When I was a newspaper journalist, it occurred to me, as it does to many a newsroom naïf, that the seas might be calmer as a journalism professor. Making the switch three years ago from crusty journalist to classroom ingénue, trying to impart important ideas, has been quite a stretch.
Perhaps my experiences might benefit other journalists contemplating launching their craft into academic waters.
Observation 1: This teaching job is a good gig. Forget about working holidays. Forget about the night shift. Forget about angry sources who insist you misquoted them even though you have their words on tape, in your trusty notebook, or typed into your computer. Forget about those pesky readers who want a reporter and photographer to cover their son’s eighth-grade graduation. Forget about the co-worker whose HoHo crumbs encourage an army of ants to use your desk as their bivouac area. Forget the editor who was an understudy to Vlad the Impaler. Once you sail into your academic harbor, the above will be just amusing anecdotes with which to regale your students.
But you’re a journalist, a trained skeptic. You know there must be storm clouds ahead.
Observation 2: You’ll need an advanced degree unless (and maybe even if) you’re a Pulitzer-Prize winner. Are you prepared to quit your job to pursue your Ph.D.? If you’re truly schizophrenic, you might pull off landing that degree by spending every second for the next five years when you’re not in the newsroom, attending classes or studying. Does contemplating how the panopticon described by Foucault resembles a newsroom appeal to you? Does counting how often a reader blinks when she reads agate sports listings sound like a fun time? If so, academia might have a spot for you.
Observation 3: Some colleges may hire you if you have an M.A. or M.F.A. if you have mucho experience. You’ll still be expected to present papers at academic conferences and publish academic works. The long road to the Ph.D. just may better prepare you for the short road to tenure.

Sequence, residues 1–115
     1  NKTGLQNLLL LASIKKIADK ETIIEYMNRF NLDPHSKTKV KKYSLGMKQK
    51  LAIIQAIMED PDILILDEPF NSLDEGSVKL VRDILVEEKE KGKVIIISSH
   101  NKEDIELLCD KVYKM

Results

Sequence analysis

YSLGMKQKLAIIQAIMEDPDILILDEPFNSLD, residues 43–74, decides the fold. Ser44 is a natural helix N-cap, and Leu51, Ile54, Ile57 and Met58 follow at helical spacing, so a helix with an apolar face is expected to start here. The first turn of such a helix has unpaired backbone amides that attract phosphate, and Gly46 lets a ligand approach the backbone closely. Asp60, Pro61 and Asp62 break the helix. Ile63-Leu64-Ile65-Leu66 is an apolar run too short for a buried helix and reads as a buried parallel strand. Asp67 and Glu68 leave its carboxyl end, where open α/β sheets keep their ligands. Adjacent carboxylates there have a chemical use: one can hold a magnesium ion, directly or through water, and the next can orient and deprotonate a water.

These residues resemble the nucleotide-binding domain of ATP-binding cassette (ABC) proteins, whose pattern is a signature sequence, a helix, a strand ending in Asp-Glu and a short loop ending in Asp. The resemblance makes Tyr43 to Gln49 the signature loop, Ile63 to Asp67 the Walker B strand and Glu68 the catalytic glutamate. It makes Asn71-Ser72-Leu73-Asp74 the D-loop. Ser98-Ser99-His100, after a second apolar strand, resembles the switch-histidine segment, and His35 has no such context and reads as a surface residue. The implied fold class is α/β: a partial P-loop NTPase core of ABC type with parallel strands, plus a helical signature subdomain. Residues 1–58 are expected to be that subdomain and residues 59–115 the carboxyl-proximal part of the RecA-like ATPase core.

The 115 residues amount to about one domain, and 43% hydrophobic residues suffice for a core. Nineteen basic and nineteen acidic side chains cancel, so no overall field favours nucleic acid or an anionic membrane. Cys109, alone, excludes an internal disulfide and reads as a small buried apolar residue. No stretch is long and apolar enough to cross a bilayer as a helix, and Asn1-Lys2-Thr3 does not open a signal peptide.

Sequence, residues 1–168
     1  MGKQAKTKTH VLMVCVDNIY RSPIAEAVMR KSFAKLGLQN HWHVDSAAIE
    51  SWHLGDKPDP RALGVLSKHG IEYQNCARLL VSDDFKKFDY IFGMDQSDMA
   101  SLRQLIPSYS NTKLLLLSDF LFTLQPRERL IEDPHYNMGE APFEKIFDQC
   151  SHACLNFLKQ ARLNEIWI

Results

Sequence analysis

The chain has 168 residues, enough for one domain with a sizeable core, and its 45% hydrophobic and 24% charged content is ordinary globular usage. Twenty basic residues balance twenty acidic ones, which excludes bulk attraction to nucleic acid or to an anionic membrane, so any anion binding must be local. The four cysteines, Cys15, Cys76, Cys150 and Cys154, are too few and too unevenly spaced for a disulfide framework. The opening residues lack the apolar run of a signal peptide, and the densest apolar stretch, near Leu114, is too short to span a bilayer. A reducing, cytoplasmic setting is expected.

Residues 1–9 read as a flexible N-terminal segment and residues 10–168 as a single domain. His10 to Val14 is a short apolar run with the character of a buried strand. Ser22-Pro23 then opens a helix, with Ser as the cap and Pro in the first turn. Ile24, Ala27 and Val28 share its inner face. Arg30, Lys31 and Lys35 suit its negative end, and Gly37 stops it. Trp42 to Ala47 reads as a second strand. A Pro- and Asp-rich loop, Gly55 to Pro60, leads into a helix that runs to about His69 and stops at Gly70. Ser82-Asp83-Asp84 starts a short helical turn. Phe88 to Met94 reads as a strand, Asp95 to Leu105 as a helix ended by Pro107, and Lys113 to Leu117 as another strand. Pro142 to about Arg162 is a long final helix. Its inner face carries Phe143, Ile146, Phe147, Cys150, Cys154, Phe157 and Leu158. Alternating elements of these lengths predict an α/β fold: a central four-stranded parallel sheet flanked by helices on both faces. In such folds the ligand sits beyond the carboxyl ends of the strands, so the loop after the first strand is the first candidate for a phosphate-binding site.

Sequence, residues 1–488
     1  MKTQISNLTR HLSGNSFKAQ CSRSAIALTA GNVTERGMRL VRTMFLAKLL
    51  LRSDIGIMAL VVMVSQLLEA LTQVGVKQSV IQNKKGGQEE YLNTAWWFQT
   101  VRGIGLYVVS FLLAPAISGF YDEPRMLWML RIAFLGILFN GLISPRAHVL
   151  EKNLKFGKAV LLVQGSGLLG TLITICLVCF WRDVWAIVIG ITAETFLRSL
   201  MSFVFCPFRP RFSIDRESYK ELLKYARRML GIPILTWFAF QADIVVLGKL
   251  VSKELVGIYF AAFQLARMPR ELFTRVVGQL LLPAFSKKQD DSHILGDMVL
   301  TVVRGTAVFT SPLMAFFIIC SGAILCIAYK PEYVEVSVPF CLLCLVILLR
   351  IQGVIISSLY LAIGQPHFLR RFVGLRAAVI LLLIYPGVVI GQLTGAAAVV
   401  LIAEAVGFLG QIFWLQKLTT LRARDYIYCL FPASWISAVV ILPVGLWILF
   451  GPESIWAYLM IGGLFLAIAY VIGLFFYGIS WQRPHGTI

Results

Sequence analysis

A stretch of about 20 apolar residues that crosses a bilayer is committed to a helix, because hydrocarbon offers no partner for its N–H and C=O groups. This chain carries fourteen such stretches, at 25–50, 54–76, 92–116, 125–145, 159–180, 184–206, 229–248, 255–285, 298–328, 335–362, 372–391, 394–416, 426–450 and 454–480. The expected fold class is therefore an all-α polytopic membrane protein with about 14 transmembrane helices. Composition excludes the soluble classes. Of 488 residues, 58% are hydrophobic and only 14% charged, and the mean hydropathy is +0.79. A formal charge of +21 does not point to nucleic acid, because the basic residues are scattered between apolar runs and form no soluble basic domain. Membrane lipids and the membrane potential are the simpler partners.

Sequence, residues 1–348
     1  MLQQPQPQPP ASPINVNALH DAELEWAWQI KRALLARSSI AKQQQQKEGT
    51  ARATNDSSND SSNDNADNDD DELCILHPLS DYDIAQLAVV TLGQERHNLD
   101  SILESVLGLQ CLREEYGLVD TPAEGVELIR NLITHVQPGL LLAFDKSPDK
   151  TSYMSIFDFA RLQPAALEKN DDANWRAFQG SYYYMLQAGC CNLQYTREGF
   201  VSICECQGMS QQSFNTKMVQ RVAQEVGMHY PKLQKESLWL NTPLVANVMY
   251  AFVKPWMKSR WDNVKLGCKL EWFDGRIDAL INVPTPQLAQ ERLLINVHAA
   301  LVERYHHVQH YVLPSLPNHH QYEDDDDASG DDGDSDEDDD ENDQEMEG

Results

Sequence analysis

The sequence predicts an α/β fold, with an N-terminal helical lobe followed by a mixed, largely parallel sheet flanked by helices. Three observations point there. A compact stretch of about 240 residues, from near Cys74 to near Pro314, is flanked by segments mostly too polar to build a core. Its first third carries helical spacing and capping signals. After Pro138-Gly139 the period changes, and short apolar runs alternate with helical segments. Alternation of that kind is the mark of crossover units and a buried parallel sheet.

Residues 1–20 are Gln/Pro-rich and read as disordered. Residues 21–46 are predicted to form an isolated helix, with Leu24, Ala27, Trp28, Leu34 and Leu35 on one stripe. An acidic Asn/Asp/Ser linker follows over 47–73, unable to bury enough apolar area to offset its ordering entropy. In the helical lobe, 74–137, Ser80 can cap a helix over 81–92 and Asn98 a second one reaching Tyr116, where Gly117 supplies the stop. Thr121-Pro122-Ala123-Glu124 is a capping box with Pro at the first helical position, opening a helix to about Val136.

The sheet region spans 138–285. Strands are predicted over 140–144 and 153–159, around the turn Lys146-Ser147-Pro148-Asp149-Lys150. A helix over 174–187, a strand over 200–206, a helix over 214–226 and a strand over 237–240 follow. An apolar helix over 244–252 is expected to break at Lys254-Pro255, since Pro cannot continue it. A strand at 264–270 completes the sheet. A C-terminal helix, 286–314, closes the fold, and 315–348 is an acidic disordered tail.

Question 1: Do you really have any clue what undergraduate students at small private colleges or midrange public universities (the places where you’ll most likely find employment) are like?
Observation 4: Most undergraduates are not like you. This may be a good thing for society, but it won’t necessarily be a good thing for you. Yes, there are students who work hard, write well, go the extra step, call the additional source, respect deadlines and agonize over accuracy. But what about the ones who loathe writing, who think pasting Internet information into their story is the height of resourcefulness, who can’t believe the attendance policy applies to them? You can’t flunk them all. You need them to keep your journalism program alive. You must motivate and inspire them.
Question 2: How do you motivate and inspire them? Sarcasm, threats, public humiliation, even helpfulness and patience don’t work the same magic with some undergraduates as they do with newsroom wage slaves.
Math Quiz 1: Do you really think all there is to teaching is showing up for class, relating some war stories and tricks of the trade, and then retreating to your ivy-covered office, where you’ll have time, blessed time, to pen your novel or book about the media? Have you considered it’s not unusual to teach 100 or more students each semester? And each of them is writing multiple papers. Who is going to grade those papers and write pithy, helpful comments? That would be you. It takes about as much time to grade one set of papers for one class as to teach all of one’s classes all week. Do the math.
Math Quiz 2: You’ll soon run out of war stories and tricks of the trade. You will need to actually think about what you’re going to teach, do research and make lesson plans. Add a couple hours for each class you teach for each day of the week.
Math Quiz 3: Hate going to newsroom budget meetings and staff meetings? How does attending a curriculum subcommittee meeting sound? Add a couple hours here and there most weeks for committee meetings.
Observation 5: That novel you were going to write or book about the media? Better get busy. Publish or perish is no joke, and a few freelanced articles in the local daily aren’t going to cut it. Fortunately, most journalists have a strong work ethic.
Observation 5: Is that all there is? No. If you enjoy the wonderful and bizarre things you learn each day as a journalist, you’ll get a buzz working with students. They’re honest. They’re in your face. And they’re fun. If you like helping reporters express themselves elegantly, you’ll get high when a student approaches competency.
Working in a newsroom or classroom is intense, frustrating and joyful. Only the hardy survive. For those journalists still thinking of taking the academic plunge, come on in, the water’s fine — and near the boiling point. But, hey, you’re used to it.
Margo Wilson teaches journalism and English at California University of Pennsylvania.